Well, here I go again…. another highly contagious health scare hits the headlines and I find myself doing research. Yup, talking about measles this time.
No, I am not paranoid, but as a nurse, I feel its my obligation to stay abreast of current health care concerns – I find it even more important as a nursing instructor. So, I am sharing what I know with all of you!
Now, what’s the big deal about measles? Well, considering it was virtually eradicated in the US due to vigilant vaccination programs, most are not familiar with this highly contagious disease. In fact, in 2000 the CDC declared measles eradicated from the US. Unlike the flu, pneumonia or heart disease, we are just not familiar and need to re-educate ourselves on a disease we don’t deal with on a daily basis. (On a more personal note, I do not titer for measles, so that just makes my concern level a little higher…and personal!)
So what happened? Well, much like the Ebola spread – travel happened! It spread from a highly populated area (an amusement park in California that has a mouse as a mascot) to other various areas of the country. Basically, some infected people shared their measles with a bunch of visitors and they all traveled back to their homes… some in other states. As with previous outbreaks, it has spread more significantly among unvaccinated populations – which seems obvious. Here all the reported outbreaks since 2000 as reported to the CDC. As you can see, 2014 showed an increase in reported cases in relation to previous years.
From January 1 to February 6, 2015, 121 people from 17 states were reported to have measles according to the CDC. They feel these are still related to the California outbreak and have issued health warning to local health departments to be on the alert.
I am not even going to entertain the vaccination conversation, however, I will say simply this, I am not surprised this is happening. It was just a matter of time. The principle of eradication is based on herd immunity, if the herd doesn’t have immunity (not vaccinated), then it will begin to spread in the herd. Just to be clear, we are the herd.
What is measles?
- Measles is HIGHLY contagious respiratory virus
- 90% of those with no immunity who come in contact with an infected person will become infected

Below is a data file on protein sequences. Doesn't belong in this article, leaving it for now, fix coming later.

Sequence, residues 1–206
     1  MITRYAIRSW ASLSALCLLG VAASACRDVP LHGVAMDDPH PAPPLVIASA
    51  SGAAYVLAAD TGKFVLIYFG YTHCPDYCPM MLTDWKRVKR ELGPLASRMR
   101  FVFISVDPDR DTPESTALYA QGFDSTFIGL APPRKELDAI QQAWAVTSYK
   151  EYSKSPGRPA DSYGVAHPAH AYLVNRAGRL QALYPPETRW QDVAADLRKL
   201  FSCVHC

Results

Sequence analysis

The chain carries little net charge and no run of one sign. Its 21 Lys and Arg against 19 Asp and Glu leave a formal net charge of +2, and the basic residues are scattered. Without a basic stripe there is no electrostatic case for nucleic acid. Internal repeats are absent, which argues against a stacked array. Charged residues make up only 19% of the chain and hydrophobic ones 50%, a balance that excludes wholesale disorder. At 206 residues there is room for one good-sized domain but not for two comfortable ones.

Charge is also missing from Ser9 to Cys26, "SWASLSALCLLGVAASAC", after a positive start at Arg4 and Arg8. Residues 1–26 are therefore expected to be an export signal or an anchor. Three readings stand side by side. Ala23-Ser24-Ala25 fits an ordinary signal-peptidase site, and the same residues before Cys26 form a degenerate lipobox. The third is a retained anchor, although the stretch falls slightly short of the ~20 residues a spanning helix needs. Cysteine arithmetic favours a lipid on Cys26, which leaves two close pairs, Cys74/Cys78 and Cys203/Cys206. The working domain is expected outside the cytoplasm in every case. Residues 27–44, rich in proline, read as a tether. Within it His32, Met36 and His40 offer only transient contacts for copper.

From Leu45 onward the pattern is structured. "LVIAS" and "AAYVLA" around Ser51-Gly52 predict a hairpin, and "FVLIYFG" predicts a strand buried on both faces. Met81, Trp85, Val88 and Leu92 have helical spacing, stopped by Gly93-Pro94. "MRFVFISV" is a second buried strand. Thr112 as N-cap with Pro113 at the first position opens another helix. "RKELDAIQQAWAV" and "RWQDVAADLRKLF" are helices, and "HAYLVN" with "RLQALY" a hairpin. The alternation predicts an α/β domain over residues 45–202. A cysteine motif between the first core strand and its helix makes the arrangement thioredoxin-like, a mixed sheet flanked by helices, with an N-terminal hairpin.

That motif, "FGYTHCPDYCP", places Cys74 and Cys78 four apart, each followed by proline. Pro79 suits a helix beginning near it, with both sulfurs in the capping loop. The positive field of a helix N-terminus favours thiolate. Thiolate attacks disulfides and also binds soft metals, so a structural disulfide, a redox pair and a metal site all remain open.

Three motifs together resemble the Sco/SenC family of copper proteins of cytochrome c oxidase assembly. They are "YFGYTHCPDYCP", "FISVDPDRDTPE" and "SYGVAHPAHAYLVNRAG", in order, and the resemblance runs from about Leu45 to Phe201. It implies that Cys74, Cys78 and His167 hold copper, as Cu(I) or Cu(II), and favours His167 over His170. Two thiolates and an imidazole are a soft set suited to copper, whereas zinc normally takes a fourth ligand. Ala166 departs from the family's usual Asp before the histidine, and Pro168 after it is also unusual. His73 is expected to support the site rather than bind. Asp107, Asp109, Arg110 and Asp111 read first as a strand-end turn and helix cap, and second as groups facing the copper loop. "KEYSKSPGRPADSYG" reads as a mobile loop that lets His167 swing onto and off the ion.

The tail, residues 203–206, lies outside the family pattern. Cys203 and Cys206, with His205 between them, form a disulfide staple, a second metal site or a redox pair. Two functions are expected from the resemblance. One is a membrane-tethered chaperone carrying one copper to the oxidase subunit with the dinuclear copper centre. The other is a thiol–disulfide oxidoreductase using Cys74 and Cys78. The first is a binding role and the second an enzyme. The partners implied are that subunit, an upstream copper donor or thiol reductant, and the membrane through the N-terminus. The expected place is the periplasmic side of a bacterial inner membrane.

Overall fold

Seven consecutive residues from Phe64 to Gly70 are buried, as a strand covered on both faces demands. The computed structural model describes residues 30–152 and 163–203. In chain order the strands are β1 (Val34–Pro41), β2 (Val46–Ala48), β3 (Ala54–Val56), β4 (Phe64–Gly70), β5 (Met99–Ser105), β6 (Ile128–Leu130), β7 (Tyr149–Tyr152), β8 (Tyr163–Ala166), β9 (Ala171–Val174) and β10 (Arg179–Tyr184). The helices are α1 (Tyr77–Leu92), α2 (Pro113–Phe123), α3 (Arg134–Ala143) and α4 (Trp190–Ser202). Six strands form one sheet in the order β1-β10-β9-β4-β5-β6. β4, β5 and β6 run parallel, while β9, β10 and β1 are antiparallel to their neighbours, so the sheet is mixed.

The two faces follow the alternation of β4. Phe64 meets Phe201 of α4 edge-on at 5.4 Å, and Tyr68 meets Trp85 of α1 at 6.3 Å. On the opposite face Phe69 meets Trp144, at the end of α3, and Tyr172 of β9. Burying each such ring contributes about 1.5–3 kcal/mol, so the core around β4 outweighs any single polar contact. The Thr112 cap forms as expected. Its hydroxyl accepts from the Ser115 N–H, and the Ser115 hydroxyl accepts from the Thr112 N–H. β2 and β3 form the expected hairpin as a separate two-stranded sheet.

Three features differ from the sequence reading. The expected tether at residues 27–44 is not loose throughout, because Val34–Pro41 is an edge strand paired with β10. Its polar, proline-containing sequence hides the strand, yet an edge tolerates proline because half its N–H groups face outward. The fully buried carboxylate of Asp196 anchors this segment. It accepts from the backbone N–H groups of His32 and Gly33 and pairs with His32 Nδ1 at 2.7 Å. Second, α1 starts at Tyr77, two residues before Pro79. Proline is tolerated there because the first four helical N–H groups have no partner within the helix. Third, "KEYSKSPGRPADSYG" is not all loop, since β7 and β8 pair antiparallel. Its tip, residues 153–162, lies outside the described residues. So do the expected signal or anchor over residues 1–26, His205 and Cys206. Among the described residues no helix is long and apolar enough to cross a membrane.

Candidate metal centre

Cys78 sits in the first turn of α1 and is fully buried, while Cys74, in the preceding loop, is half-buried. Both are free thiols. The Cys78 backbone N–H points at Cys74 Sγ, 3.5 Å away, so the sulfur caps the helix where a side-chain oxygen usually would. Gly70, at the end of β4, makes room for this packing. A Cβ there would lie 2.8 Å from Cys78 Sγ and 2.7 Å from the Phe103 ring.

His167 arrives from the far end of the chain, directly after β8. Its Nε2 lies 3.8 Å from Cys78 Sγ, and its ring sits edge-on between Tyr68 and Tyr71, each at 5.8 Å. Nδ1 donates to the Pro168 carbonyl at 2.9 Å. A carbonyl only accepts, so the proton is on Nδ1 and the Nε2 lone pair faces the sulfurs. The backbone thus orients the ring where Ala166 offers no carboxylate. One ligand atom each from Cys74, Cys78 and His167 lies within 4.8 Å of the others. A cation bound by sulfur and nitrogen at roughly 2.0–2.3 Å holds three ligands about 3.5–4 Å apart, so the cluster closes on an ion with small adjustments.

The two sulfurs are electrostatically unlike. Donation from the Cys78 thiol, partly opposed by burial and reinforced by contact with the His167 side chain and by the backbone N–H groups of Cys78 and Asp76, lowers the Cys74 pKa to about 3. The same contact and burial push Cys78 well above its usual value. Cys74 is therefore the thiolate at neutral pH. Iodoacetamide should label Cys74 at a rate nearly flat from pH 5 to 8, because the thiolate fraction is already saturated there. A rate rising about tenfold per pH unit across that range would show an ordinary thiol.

- It lives in the nose and throat mucus and is transmitted through coughing and sneezing.
- The virus CAN survive on surfaces for up to TWO hours where an infected person coughed or sneezed.
- Infected people can spread the disease from 4 days before to four days after the rash appears.
- Symptoms usually appear 7-14 days after infected
Signs & Symptoms
Beginning symptoms usually 7-14 days after infected
- High fever
- Runny nose (coryza)
- Red, water eyes (conjunctivitis)
2-3 days after symptoms begin – white spots (Koplik) spots may appear inside the mouth
3-5 days after symptoms begin – rash begins.
- Usually begins as flat read spots on the head, hair line
- Spreads downward to the neck, trunk, arms, legs & feet
- Typically accompanied with very high fevers (104F)
- Usually in the same direction
- Rash can be on the palms of the hands & soles of the feet
Currently the CDC is encouraging health care providers to “Think Measles. Consider measles in patients with a febrile rash, cough, coryza or conjunctivitis.”
- Typically more severe in under 5 years and over 20 years of age
- Common complications
- ear infections – can result in permanent hearing loss
- Severe complications – requiring hospitalization
- Encephalitis (swelling of the brain) – can lead to convulsions, deafness or mentally retarded
- Death – 1-2 per 1000 affected
- There is no specific treatment – only supportive care to help manage symptoms and complications
- Immediately isolate the person for up to 4 days after the rash subsides to prevent further spread
- The MMR vacine can be administered within 72 hours post exposure may provide some protection from the disease or modify the severity.
- If can not show immunity, patients can receive immunoglobulin, however, must be administered within 6 days of exposure and may provide some protection or modify the clinical course.
- Recommended, detailed guidelines can be found on the CDC website.
Hopefully this gives you a good, general overview of measles. If you are a health care provider, especially if a first responder, ER worker or in a doctors/pediatricians office – please spend some time educating yourself on this not-so-common disease. You can find some great info on the CDC website tailored specifically to healthcare providers – I would especially take a look at the photos.
Although, certainly, I am aware, more people will die from the flu, diabetes and heart disease this year -those are common diseases that most are familiar with. I am not old enough to remember people suffering from measles and clearly, most of the public has not either. So, as a nurse, I owe it to the patients I serve to be educated so I can better take care of them and myself.
Thanks for visiting and please share!